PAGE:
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Pakistan Says It Downed an Indian Drone. But Did It?

Disputes over whether or not Pakistan shot down an Indian drone could increase tensions between the neighboring countries.

Indian security personnel run to take position during an attack by militants at Raj Bagh police station in Kathua district, some 60 kms from Jammu on March 20, 2015.   Two suspected rebels stormed a police station in Indian Kashmir, killing three officers and a civilian before being shot dead by government forces, police said.  AFP PHOTO        (Photo credit should read STR/AFP/Getty Images)
Indian security personnel run to take position during an attack by militants at Raj Bagh police station in Kathua district, some 60 kms from Jammu on March 20, 2015. Two suspected rebels stormed a police station in Indian Kashmir, killing three officers and a civilian before being shot dead by government forces, police said. AFP PHOTO (Photo credit should read STR/AFP/Getty Images)

Just days after Indian Prime Minister Narendra Modi accepted an invitation from his Pakistani counterpart to visit Islamabad next year, the question of whether or not Pakistan shot down an Indian drone is threatening the stability of the neighbors’ fledgling friendship.

The Pakistani military announced Wednesday it had downed an Indian surveillance drone operating over Pakistani territory, and on Thursday, Pakistan’s foreign ministry summoned the Indian ambassador to discuss his country’s alleged intrusion into Pakistani airspace. India has pushed back hard: According to the Associated Press, Col. S.D. Goswami, an Indian army spokesman, said no spy drone “has crossed into the Pakistani side, and none of our unmanned aerial vehicles has been shot down by them.”

Photos of the crashed drone circulating in the media Thursday show a small surveillance vehicle that could reportedly be bought commercially, raising further doubts the drone would really have belonged to India’s relatively sophisticated military.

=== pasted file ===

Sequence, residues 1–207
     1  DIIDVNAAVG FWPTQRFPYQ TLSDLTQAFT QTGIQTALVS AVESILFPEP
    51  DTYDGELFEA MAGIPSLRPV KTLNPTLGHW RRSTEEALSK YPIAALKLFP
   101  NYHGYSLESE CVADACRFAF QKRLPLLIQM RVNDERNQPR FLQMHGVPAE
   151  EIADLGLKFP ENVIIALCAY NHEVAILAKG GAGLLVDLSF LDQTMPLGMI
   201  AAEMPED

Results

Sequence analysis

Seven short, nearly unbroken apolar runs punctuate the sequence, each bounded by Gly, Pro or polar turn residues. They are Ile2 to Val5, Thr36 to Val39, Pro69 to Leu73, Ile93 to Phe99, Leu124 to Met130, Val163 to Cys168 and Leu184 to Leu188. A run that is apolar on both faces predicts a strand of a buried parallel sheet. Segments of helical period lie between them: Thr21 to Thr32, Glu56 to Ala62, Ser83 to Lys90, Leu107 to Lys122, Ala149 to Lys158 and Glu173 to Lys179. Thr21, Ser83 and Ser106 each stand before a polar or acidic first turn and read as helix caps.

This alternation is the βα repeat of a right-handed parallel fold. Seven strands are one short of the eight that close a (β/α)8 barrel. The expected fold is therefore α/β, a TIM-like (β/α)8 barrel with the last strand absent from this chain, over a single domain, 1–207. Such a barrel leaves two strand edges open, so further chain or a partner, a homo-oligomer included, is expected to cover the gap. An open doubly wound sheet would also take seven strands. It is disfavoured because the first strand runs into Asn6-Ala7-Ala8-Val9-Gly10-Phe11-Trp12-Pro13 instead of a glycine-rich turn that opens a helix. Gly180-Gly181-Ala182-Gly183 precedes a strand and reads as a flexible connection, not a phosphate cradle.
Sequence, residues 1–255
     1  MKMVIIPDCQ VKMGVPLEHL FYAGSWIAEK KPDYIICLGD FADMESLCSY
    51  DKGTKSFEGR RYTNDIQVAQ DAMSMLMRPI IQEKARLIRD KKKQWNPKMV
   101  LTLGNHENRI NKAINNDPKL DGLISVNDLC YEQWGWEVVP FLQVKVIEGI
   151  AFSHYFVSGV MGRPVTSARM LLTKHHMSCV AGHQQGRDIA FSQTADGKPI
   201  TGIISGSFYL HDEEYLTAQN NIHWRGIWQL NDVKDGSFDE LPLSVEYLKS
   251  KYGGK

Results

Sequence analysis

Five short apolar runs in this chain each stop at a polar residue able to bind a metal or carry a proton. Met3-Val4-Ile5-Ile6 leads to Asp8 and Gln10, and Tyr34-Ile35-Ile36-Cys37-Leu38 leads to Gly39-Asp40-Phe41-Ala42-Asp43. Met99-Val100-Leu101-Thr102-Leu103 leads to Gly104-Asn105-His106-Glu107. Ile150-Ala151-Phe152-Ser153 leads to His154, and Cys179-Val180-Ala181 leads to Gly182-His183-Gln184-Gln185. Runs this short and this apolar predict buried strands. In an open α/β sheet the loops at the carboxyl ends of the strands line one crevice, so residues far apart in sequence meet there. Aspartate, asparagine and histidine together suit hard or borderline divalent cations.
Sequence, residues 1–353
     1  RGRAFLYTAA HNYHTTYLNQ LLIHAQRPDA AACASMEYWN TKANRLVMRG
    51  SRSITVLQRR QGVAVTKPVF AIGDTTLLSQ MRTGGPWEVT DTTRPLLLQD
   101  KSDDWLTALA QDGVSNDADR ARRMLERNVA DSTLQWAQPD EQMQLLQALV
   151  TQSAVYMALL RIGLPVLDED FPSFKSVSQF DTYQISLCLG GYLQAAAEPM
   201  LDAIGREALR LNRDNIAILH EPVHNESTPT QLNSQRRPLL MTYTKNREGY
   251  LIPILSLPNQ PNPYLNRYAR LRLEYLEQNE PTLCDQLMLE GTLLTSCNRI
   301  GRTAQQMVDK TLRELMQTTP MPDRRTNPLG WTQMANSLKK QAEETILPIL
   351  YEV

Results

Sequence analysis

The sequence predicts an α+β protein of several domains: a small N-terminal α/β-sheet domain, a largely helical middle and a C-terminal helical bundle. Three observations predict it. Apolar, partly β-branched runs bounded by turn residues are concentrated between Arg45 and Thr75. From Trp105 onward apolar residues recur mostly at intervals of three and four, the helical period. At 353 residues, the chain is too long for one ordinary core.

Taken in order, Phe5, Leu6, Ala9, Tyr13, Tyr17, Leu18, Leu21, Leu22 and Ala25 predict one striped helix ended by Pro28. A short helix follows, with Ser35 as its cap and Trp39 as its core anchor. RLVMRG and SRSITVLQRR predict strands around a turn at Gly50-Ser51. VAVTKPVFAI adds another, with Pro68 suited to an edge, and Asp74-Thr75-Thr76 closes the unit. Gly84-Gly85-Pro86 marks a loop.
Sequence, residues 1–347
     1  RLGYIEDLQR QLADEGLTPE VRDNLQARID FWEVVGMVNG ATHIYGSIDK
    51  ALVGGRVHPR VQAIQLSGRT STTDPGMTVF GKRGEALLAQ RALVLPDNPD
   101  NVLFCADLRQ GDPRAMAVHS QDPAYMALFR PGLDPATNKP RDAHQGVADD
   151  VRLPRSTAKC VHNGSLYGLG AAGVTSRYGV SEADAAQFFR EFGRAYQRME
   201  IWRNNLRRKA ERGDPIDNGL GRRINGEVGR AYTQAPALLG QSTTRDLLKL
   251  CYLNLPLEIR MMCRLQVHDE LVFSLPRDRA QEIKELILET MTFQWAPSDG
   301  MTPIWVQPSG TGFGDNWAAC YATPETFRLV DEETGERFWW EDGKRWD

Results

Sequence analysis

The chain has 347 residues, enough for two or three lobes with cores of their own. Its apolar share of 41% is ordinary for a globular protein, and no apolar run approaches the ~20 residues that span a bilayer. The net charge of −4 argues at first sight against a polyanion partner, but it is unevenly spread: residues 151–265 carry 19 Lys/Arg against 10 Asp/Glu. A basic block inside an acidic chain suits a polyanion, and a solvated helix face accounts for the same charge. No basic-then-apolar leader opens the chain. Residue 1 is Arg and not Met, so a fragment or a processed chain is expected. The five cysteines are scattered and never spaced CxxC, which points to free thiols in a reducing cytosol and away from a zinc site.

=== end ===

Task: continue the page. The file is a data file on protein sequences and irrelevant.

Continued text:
And speaking to reporters in New Delhi Thursday, Indian Foreign Secretary S. Jaishankar said “the photograph of the drone in question indicates that it is not of Indian design, nor of any UAV category held in the inventory of the Indian armed forces.”

Jaishankar added that although India was committed to peace with Pakistan, any unprovoked firing would force them to retaliate appropriately.

If the downed drone doesn’t belong to the Indian military after all, the deaths of civilians on both sides could be enough for Modi, an avowed nationalist, to reconsider his first official trip to Pakistan since he took office — one designed to improve ties between the two frequent adversaries.

The trip could now be coming at a tense time. Territorial disputes in and around Kashmir have sparked both open conflict between the two countries and an on-again, off-again insurgency that have together left thousands dead.

D. Parekh, a senior officer with India’s Border Security Force, told the AP that Pakistani soldiers shot a soldier guarding a border post in Pargwal area, then continued to fire at his comrades as they attempted to help him, which prompted retaliation.

Pakistani soldiers then reportedly fired mortar shells, killing one woman and injuring three civilians, in what Parekh called “a blatant, unprovoked cease-fire violation by Pakistan.”

Although the number of dead and injured remains unconfirmed, other reports, including from the BBC, say Pakistan claims four were killed and five injured.

Photo credit: STR/AFP/Getty Images

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